Open Britain figurehead James McGrory hammered Richard Tice, Leave Means Leave who worked with Nigel Farage during the Leave.EU campaign, after he suggested he would be happy to pay the World Trade Organisation’s tariff.
“As the Prime Minister has already said we will offer a zero tariff deal – because they sell so much more to us it is in their interests to do it.
“If they don’t we’ll quite happily go to the WTO.”
Mr McGrory, a key figure in the official Remain campaign, chastised Mr Tice for his willingness to leave Britain subject to tariffs.
“You’re just going to go to WTO rules?” he asked. “That’s 10 per cent on cars, 20-odd per cent on agricultural tariffs.
“It is going to decimate manufacturing – your own economist Patrick Minford said it would decimate manufacturing.”
The Leave Means Leave co-chairman claimed such a move would help British manufacturers sell more cars within Britain and shot down Project Fear’s projection that inflation would rise.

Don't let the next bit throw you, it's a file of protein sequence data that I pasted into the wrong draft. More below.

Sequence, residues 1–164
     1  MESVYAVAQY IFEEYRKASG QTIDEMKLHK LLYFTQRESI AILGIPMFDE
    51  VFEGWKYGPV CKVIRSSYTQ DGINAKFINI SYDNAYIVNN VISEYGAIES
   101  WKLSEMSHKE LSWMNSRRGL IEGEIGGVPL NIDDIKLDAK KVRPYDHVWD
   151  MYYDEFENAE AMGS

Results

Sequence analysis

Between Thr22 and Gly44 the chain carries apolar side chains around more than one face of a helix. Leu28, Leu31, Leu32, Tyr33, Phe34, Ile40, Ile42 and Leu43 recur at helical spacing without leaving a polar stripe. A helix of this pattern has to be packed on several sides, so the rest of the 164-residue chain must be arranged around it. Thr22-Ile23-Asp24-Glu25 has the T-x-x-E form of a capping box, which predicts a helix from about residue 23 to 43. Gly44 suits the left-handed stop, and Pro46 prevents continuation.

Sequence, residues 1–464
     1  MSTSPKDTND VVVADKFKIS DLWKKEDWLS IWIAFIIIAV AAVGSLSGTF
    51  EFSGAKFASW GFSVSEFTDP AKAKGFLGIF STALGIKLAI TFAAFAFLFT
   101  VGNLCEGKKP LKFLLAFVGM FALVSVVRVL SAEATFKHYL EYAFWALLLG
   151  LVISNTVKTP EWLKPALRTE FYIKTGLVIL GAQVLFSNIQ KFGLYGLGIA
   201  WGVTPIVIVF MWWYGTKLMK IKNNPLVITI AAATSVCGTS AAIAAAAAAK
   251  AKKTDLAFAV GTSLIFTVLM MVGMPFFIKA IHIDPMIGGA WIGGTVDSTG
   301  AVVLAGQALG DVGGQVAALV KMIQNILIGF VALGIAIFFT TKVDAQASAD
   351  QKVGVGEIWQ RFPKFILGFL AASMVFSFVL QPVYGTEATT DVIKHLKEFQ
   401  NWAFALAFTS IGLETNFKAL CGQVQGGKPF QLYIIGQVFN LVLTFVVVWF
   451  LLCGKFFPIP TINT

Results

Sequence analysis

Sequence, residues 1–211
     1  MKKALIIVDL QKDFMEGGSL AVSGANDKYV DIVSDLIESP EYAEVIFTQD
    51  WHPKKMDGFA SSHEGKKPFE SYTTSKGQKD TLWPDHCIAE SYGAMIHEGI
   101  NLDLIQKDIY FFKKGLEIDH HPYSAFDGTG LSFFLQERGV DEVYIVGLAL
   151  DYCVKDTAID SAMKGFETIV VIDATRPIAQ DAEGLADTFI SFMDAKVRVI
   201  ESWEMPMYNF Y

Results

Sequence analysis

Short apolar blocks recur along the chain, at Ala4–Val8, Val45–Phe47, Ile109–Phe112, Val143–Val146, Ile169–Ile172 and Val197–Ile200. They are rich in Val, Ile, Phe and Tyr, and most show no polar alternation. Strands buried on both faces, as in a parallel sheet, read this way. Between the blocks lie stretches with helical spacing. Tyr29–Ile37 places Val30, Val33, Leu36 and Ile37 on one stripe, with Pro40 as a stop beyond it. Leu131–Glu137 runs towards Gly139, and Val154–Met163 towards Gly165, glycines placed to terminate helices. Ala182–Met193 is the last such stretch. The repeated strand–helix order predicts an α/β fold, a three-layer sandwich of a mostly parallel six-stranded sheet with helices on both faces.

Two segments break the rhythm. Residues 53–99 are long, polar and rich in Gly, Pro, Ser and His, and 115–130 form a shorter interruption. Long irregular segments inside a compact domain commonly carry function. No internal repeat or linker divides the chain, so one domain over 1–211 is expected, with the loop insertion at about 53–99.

“We live in such a competitive market that actually suppliers and retailers are always worried about other businesses taking market share, so they absorb the lion’s share of that,” Mr Tice added.
Mr McGrory replied: “Why would we just voluntarily slap a 10 per cent tariff on a car?
“It’s a two-way street if effects us both. Your idea seems to go to a high noon showdown and don’t even try and negotiate…”
But a quick-thinking Mr Tice swiftly interjected insisting that it will be a “friendly discussion”, saying it was only important to rid businesses of uncertainty by ensuring a swift and clean exit from the EU.
“What businesses want is the certainty of knowing when we are going to leave,” he said.
Theresa May has warned Remain backers they will not be able to block Brexit, as she refused to guarantee a parliamentary vote on Britain’s departure terms.
Instead, the Commons and Lords will be given opportunities to “discuss” details of the exit arrangements but not vote on them.
Speaking at a hearing of the Commons Liaison Committee on Tuesday, Mrs May said: “It’s my intention that Parliament should have every opportunity to consider these matters.
“But what I’m also concerned about is that we deliver on the decision of the British people.
“It is my intention to make sure that Parliament has ample opportunity to comment on and discuss the aspects of the arrangement that we are putting in place.
“When we are able to give clarity, we will.”
December 21st, 2016: Express